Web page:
Everything you need to know about MAGAnomics is in one classic episode of South Park

Perhaps you read
Office of Management and Budget director Mick Muvaney’s piece on MAGAnomics in today’s Wall Street Journal.
In it, he outlines President Trump’s plan to get to 3% GDP growth — what he believes is the natural state of the US economy.

If you didn’t read it, don’t worry about it. You really only have to be familiar with classic South Park episode to understand why Mulvaney’s concepts don’t work. The economic stuff we can fill in at the bottom of this post. Trust me, it’s easy to pick up.

Mulvaney believes that cutting taxes for the rich, cutting the welfare budget, investing in fossil fuels, and bullying our trading partners will cause the economy to magically grow again. Do all those things and BAM, 3% growth. It’s a magic elixir.

This sounds a lot like the business plan the Underwear Gnomes outlined in episode 17 of the second season of South Park. In the episode, Tweak, an over-caffeinated elementary school kid, believes that someone is stealing his underwear. Everyone thinks he’s nuts, until they find that there are in fact gnomes stealing his underwear to “make a profit.”

Their business plan is as follows:

  1. Steal underwear
  2. ?
  3. Make a profit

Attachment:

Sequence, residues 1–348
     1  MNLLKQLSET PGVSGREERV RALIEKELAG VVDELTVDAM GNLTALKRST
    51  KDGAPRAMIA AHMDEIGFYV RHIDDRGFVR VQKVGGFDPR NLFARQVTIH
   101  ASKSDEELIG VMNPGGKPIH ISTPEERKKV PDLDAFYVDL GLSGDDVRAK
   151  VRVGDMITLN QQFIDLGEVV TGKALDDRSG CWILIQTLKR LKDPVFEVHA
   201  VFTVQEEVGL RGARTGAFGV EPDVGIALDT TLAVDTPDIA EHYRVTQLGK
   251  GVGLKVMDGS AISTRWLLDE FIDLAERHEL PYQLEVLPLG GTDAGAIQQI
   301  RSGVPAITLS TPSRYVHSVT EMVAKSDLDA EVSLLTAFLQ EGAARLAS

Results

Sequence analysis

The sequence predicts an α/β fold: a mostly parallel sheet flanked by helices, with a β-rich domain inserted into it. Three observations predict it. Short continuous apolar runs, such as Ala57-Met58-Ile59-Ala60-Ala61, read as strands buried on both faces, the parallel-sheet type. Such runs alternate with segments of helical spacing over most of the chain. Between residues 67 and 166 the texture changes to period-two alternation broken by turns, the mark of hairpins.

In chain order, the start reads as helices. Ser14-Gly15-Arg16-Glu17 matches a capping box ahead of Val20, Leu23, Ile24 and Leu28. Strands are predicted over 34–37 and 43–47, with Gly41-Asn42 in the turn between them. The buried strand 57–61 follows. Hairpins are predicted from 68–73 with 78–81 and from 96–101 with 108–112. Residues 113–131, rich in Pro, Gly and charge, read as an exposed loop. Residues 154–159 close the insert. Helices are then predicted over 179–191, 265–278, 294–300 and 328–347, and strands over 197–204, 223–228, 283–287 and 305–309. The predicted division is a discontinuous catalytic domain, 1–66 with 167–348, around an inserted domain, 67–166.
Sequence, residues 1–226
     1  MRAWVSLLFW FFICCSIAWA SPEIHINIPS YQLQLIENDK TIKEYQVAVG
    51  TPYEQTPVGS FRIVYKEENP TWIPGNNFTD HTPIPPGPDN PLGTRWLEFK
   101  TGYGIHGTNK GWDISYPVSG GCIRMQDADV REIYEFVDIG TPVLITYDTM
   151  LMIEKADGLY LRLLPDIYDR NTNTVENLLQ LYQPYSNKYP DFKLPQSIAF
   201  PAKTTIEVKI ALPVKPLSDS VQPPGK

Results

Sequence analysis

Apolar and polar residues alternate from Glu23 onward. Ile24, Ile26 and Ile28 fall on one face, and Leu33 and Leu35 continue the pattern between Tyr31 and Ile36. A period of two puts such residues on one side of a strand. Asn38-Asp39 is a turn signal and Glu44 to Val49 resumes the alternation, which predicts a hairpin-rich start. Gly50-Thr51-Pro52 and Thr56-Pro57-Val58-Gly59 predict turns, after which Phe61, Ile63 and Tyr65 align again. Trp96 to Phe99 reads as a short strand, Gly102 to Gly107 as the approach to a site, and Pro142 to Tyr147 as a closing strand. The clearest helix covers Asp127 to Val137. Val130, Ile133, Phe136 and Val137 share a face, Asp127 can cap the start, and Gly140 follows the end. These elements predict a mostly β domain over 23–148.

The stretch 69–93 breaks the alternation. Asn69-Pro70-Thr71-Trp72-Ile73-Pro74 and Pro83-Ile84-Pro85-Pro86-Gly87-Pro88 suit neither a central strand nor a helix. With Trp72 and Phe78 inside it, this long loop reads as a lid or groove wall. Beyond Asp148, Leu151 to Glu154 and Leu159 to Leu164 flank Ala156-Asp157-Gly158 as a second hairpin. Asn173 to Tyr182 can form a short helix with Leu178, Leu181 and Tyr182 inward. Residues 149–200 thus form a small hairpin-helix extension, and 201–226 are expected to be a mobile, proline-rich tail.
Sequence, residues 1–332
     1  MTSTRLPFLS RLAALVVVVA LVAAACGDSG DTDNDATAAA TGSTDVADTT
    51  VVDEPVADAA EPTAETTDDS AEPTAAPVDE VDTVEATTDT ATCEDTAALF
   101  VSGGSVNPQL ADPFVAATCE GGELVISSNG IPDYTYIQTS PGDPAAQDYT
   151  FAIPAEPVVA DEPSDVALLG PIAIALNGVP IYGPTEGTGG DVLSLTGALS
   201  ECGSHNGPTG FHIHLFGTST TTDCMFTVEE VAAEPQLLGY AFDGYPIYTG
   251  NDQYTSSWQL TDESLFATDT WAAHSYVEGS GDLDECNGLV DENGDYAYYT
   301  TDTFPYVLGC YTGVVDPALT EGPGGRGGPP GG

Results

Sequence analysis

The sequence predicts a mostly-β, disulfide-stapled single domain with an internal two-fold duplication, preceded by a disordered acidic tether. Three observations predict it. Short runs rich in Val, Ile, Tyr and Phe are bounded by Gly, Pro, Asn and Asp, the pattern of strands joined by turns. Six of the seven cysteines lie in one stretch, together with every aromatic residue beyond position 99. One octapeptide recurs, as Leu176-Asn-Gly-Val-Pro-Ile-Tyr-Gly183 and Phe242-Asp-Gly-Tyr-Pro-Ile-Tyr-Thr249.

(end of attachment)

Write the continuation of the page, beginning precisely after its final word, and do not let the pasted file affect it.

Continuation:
Obviously this is absurd. The gnomes don’t actually know how the underwear makes a profit or what its real value is. They just think stealing underwear is the magic elixer. It’s just the plan they know, and so they’re going to stick with it.

Back to Mulvaney, the plan that he outlines sounds pretty familiar. It harks back to a time when he and a lot of the other members of the administration were proud, young Republicans — the days of President Ronald Reagan.

Back then, the Gipper promised to do much the same thing that Mulvaney is promising. The world was dependent on fossil fuels (and had just finished reeling from a disastrous energy crisis in the 1970s), tax cuts were on the way, and the federal budget was being sliced and diced by Republicans decrying the excesses of welfare queens in collecting checks and riding around in their Cadillacs.

So Mick Mulvaney’s phase one is simple: Make America like Reagan’s America again.

Caught with your underwear

The problem, of course, is phase two. The actual part that makes the money. Mulvaney thinks that if he puts all of the Reagan elements together the economy will just magically grow again, just like they gnomes think that if they steal underwear they will make a profit.

But the problem is that in Reagan’s day people gave a lot of credit to tax and budget cuts that either didn’t really materialise, or ultimately had to be rolled back because they were hurting the economy.

We know the whole sordid story of how Reagan’s policies didn’t generate a phase two thanks to the man who had Mulvaney’s job in Reagan’s time. His name is David Stockman, and he laid out the whole sordid story of Reagan’s budget in The Atlantic.